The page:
Subscriptions to the CBS All Access and Showtime over-the-top (OTT) streaming services continued to soar in CBS’s third quarter (ended Sept. 30) and those and the company’s other growth initiatives, including “skinny bundles,” are expected to generate more than $4 billion this year, up 75% from 2015, according to CBS president and acting CEO Joseph Ianniello.
“Going forward, as we continue to position CBS as a global multi-platform premium content company, we are confident that there is significant upside from here,” he said on an earnings call Nov. 1. “Whether it’s large traditional bundles, smaller streaming packages, or standalone direct-to-consumer services, we are distributing our content in all the ways consumers want it and reaping the benefits,” he told analysts.
Based on the continued strong results for CBS All Access and Showtime OTT, CBS is “more confident than ever that we can achieve our new goal of 8 million subs combined from these services in 2019, a full year ahead of our original schedule,” he said.
The company was “in the midst of our biggest year yet in Showtime OTT signups as we continue to reach new and younger viewers by expanding on to new distribution services,” he noted. But he didn’t provide specific OTT subscription numbers for the two services in the quarter.
CBS continues to produce shows just for CBS All Access, including an expansion of the “Star Trek” franchise, CBS Creative Officer David Nevins said on the call. “Star Trek: Discovery” had success globally and season 2 will launch Jan. 17, he said. CBS will also add a new separate “Star Trek” scripted series starring Patrick Stewart, who will reprise his role as Captain Jean-Luc Picard from “Star Trek: The Next Generation,” Nevins told analysts. Also planned is a new “Star Trek” adult animated series, “Lower Decks,” which he said will air on CBS All Access with a “two-year pickup.” He added: “We expect to have more ‘Star Trek’ announcements coming shortly.”
CBS All Access Canada was “off to a solid start, and we continue to expand into new markets,” Ianniello pointed out, adding that in the current quarter (Q4), CBS is launching an Australian version called 10 All Access. That new platform will include local programming for Network 10, in addition to “premium CBS content, further distinguishing us from other leading” subscription video on demand (SVOD) platforms, he said. CBS “will continue to expand into new territories in 2019, and we are confident that digital distribution on a global scale will be very lucrative for CBS,” he told analysts.
CBS, meanwhile, is also expanding its “marquee brands on to ad-supported OTT platforms, led by the success” of CBSN, its digital news network, he said. Helped by the “24/7 news cycle and our increasing political coverage, CBSN is now averaging more than 1 million streams per day,” he noted. Another positive sign: the average age of the CBSN viewer is 38, “decades younger than the average broadcast and cable news viewer,” he pointed out. The company continues to expand CBSN onto the services of multichannel video programming distributors, including a deal CBS recently announced to provide it as a standalone channel to all Hulu Live TV services, he said.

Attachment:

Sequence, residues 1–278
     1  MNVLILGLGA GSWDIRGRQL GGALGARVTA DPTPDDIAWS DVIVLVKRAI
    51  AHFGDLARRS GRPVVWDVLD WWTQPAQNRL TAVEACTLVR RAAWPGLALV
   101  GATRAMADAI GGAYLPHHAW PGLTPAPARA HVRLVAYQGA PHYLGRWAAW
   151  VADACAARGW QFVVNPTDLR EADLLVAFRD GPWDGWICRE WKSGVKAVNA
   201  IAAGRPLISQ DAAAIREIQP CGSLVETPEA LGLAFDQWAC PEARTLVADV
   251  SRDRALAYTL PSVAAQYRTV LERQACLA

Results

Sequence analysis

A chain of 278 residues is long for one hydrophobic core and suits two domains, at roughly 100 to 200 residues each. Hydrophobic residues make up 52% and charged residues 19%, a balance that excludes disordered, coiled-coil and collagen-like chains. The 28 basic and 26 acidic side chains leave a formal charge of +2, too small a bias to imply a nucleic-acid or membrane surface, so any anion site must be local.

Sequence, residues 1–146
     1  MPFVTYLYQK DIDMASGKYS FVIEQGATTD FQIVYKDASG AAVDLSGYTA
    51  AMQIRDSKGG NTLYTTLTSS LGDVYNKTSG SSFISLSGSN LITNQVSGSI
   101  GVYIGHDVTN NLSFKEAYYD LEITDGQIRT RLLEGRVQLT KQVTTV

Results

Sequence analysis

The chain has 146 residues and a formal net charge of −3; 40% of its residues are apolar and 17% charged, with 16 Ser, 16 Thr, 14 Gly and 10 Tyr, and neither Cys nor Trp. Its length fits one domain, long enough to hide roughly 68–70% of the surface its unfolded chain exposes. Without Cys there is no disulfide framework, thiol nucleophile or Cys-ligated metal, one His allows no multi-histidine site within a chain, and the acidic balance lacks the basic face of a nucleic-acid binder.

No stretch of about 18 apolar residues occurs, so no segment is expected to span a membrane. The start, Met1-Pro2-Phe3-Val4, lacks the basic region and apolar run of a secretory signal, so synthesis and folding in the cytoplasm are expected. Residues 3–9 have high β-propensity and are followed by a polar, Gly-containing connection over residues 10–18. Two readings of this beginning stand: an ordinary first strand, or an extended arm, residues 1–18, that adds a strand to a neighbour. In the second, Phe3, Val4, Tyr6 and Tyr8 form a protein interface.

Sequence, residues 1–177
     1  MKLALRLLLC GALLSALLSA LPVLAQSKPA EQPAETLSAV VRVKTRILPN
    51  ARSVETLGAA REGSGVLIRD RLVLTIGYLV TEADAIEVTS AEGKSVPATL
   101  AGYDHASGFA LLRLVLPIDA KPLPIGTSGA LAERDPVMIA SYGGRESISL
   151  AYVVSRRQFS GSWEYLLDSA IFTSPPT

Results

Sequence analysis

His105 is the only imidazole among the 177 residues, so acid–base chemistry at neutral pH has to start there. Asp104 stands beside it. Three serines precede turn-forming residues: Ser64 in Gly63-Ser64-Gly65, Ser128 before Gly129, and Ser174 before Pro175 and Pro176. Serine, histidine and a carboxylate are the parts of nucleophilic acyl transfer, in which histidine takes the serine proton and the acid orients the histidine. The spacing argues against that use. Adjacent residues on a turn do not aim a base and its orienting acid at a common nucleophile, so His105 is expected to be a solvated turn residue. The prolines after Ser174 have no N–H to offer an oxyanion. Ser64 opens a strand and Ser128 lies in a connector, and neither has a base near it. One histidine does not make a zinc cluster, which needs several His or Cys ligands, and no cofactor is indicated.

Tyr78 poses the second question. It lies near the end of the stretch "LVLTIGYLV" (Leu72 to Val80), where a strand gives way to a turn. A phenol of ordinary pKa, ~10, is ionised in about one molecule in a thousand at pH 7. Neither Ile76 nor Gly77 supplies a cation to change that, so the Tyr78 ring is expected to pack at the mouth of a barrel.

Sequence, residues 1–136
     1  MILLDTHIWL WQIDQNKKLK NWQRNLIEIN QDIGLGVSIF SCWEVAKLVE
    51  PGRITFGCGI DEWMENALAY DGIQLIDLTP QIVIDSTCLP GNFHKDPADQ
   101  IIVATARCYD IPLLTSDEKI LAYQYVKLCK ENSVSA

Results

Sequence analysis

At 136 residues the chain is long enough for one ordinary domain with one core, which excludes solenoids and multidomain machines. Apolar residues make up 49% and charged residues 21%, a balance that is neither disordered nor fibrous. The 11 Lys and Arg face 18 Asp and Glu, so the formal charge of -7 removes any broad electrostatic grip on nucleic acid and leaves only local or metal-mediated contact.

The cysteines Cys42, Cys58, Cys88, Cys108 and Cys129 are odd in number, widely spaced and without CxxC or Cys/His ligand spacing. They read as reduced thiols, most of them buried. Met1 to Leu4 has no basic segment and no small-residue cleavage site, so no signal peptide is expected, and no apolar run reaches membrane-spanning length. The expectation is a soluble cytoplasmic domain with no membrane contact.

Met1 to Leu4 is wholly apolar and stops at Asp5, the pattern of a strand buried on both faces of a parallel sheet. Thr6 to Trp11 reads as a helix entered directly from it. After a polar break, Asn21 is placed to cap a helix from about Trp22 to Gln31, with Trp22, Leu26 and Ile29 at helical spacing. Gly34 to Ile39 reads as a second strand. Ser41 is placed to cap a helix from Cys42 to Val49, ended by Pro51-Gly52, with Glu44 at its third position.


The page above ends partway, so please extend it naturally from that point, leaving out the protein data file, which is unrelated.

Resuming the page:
Later this quarter, CBS will start “the next phase by launching local versions of CBSN, featuring content from our owned and operated stations across the country,” he said, adding that will start with CBSN New York, and then move on to the addition of other markets, including Los Angeles, in early 2019.
CBS Sports HQ, the company’s sports OTT service, “continues to grow as we feed the demand for more sports highlights, around-the-clock coverage, stats and analysis,” he also said. Streams were up 25% from where CBS was with CBSN in the same time frame after its launch, he noted.
This is also the first full season in which viewers can watch CBS National Football League (NFL) coverage on all mobile devices, including on CBS All Access, and “we are monetizing that viewing,” he said. Also, during Q3, CBS “locked in a deal” for the Professional Golfers’ Association (PGA) Championship, extending it to 2030 and “securing our position as the broadcast leader in golf,” noting the new pact also includes “expanded digital rights across all CBS platforms.”
CBS also just launched the ET Live consumer service, featuring its “Entertainment Tonight” TV property, Ianniello pointed out, but didn’t provide any initial usage numbers or viewer feedback.
CBS also started using “advanced data and technology both to deliver a higher” return on investment (ROI) for advertisers and “to monetize our audiences more effectively,” Ianniello said. “To that end, we are rolling out a proprietary new platform,” short for Data and Audience, he noted. DnA enables advertisers to buy specific audience segments, “so our advertisers can target people who like to eat out and drive SUVs rather than just buy the broad demographic of adults between the ages of 25 and 54,” he explained.
“At the same time, we are also aggressively pursuing partnerships in set-top boxes and smart TVs to sell highly targeted addressable ads,” Ianniello said. “And we are using the data we collect from our direct relationship with the viewers on our OTT platforms to optimize our dynamic ad insertion capability. So, as consumer habits change and technology advances, we are finding new ways to monetize our audiences and it’s becoming more valuable all the time.”